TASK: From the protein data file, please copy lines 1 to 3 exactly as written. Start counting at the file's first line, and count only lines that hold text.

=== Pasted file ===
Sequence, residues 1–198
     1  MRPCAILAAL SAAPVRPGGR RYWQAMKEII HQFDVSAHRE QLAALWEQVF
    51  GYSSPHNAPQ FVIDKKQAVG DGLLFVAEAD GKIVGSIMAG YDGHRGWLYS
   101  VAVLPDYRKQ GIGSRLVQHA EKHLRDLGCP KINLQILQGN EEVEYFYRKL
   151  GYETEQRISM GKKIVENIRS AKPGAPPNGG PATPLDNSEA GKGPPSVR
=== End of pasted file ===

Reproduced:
Sequence, residues 1–198
     1  MRPCAILAAL SAAPVRPGGR RYWQAMKEII HQFDVSAHRE QLAALWEQVF
    51  GYSSPHNAPQ FVIDKKQAVG DGLLFVAEAD GKIVGSIMAG YDGHRGWLYS